For more on how the satellites, known as GRACE for Gravity Recovery and Climate Experiment, measure groundwater, see this.

So why would Minnesota see a decline in groundwater levels? One answer could be the increase in farm irrigation in parts of the state. In the sandy soils of west central Minnesota, farmers have increased their pumping substantially, and in two places the Minnesota Department of Natural Resources is trying a different approach to getting farmers, businesses and others to come to agreement on how much groundwater is used and who gets to use it.

But Don Rosenberry, a U.S. Geological Survey research hydrologist in Denver who studies Minnesota lakes, said scientists in his office have been looking at lower groundwater in wells in Cass County “and we’ve been wondering if it might be due to a change in the timing of rainfall.”

Minnesota rainfall — the source of recharging groundwater supplies — has been increasing over recent decades. But rain has increased, particularly in big storms, in the summer and decreased in spring and fall, Rosenberry said. “The big summer events rarely turn into groundwater recharge. . .So there might be a story here in addition to irrigation.”

It’s an idea he said the USGS looked at a few years ago and decided it needed more data or statistical power. It might be worth returning to the notion now, he said.

 

Jay Famiglietti

The traditional way of measuring groundwater levels is labor-intensive. You drill a bunch of wells in different locations, take measurements over time and combine the data to understand groundwater levels and flows.

The Minnesota Department of Natural Resources is working on mapping groundwater in the state, but there are still hundreds — if not thousands — of wells yet to be drilled. An understanding of groundwater quantity is crucial — three-quarters of Minnesotans get their drinking water from groundwater, and it’s also used to irrigate crops in parts of the state.

That’s what makes a special satellite used by a professor at the University of California, Irvine so exciting. Jay Famiglietti, also a senior water scientist at NASA’s Jet Propulsion Laboratory in Pasadena, is using the satellite to measure changes in mass on land. From those measurements, researchers can figure out how much water is there, he said.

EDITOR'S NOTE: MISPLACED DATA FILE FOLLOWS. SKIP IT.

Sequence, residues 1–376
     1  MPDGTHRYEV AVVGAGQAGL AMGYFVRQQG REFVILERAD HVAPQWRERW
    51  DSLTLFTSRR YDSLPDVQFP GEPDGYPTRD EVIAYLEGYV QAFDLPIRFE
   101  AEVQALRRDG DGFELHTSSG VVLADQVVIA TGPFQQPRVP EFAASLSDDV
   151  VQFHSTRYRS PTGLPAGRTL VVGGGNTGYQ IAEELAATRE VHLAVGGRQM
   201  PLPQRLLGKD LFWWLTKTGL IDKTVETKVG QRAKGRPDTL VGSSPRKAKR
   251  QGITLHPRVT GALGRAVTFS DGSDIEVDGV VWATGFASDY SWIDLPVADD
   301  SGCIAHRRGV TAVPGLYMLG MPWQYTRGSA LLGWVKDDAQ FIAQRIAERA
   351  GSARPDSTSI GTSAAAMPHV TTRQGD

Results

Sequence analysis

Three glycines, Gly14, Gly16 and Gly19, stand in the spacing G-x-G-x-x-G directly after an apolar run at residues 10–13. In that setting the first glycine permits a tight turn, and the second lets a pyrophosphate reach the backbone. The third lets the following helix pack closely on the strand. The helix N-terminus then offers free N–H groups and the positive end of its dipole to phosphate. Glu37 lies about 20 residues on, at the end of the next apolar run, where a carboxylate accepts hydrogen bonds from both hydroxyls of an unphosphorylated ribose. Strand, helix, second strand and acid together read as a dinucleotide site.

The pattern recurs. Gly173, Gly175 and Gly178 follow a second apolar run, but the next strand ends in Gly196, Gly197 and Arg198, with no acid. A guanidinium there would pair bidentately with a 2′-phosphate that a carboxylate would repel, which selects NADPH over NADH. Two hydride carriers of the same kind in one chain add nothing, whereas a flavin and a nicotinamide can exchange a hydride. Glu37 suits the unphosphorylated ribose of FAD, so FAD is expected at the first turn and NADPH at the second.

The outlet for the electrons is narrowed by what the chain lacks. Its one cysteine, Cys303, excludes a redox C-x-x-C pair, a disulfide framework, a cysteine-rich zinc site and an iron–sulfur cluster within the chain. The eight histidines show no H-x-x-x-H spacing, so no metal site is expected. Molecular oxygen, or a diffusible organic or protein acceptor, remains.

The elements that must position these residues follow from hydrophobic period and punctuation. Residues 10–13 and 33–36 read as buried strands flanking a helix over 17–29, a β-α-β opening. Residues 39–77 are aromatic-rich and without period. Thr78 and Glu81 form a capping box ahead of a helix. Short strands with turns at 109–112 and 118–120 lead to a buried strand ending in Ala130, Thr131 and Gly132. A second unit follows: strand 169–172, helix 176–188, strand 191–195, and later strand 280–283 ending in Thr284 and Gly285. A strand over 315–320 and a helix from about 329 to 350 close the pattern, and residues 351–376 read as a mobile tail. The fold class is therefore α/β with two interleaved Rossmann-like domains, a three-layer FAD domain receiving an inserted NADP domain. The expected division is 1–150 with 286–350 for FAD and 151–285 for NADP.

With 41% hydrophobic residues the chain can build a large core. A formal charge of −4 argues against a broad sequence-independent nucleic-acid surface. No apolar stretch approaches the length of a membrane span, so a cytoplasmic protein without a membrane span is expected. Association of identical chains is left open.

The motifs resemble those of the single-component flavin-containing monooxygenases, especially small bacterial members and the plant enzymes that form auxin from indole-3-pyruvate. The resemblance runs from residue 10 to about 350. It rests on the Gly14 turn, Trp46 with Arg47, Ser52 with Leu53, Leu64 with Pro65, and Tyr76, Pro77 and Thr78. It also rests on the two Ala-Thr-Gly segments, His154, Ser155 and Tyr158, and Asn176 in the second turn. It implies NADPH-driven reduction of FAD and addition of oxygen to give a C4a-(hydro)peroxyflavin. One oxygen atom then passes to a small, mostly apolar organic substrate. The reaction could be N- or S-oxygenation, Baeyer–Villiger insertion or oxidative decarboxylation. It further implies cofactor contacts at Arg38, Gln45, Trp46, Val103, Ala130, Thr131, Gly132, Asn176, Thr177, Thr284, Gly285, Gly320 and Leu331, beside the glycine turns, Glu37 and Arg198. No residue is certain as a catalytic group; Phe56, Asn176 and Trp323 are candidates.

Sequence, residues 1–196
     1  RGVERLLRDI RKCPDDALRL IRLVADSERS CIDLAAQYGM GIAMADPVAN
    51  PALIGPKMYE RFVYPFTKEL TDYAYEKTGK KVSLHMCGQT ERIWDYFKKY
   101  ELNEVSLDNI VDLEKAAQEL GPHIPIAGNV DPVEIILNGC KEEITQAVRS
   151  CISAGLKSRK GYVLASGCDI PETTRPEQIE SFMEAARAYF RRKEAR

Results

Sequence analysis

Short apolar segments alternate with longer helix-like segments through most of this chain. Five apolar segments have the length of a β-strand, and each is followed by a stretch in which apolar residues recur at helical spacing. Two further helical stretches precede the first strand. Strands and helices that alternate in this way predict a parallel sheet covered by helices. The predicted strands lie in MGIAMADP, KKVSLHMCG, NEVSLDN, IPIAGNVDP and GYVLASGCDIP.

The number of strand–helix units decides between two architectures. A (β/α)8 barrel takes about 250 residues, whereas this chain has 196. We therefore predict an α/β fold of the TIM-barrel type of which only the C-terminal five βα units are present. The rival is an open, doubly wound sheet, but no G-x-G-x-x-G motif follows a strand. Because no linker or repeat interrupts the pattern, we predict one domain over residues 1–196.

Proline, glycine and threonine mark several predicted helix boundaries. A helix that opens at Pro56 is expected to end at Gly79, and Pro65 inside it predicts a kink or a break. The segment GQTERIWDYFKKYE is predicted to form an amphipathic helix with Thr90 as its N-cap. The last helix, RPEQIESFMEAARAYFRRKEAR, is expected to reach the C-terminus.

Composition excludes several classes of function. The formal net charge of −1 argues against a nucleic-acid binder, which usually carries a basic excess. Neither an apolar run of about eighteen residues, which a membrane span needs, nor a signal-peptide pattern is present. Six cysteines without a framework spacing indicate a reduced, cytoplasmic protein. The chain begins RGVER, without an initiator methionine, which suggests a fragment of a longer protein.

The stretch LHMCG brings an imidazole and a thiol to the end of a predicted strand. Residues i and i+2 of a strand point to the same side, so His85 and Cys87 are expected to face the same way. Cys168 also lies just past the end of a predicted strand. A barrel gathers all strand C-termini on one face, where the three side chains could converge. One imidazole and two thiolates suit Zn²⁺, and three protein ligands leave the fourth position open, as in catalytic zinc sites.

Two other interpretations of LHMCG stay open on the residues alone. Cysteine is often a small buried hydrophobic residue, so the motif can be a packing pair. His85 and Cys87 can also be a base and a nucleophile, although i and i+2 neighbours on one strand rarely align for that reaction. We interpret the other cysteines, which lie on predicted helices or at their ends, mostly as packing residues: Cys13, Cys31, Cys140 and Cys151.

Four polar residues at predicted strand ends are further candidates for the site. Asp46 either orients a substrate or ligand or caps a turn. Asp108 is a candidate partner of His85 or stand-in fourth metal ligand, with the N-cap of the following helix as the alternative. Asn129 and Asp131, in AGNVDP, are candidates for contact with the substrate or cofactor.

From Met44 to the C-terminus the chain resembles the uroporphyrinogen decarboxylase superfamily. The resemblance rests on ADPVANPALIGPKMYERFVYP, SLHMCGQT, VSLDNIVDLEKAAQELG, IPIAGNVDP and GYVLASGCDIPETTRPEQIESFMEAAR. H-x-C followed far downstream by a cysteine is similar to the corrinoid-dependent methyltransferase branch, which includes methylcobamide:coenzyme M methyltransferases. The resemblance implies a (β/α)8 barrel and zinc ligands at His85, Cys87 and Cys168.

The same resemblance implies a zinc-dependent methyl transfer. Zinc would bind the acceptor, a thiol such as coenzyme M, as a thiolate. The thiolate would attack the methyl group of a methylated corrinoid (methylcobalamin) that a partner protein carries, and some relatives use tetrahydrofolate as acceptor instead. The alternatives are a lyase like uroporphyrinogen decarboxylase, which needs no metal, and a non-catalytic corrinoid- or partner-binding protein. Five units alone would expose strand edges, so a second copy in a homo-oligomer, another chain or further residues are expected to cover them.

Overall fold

“We can literally put together maps regionally and globally of the places that are gaining and losing water each month,” said Famiglietti, who will talk tonight about the research at a lecture sponsored by the Freshwater Society.

The satellite can zero in on an area the size of a large aquifer — about 60,000 square miles — but it can’t pinpoint areas as small as the three regions in Minnesota where DNR officials are looking at managing groundwater more closely. Famiglietti said using additional data can allow researchers to focus in on an area of about 20,000 square kilometers, and two other similar satellites to be launched in the future will likely be able to focus in on even smaller areas.

The satellite doesn’t tell researchers how much water is groundwater versus surface water, so the data must be combined with other measurements being taken on the ground, he said. Still, it offers the ability to measure water levels much faster than traditional methods, he said.

And because groundwater is such a critical part of our water supply, it’s important to be able to keep tabs on how much is there, he said.

“It hasn’t been well-measured or monitored. The general public is not even really aware of how important it is to our water supply,” Famiglietti said.

In addition to identifying shortages, the satellite data can help find areas that are prone to flooding. Famiglietti said the next step for researchers is to work with the state and regional agencies that manage water to incorporate the data into flood forecasts and regional drought monitors.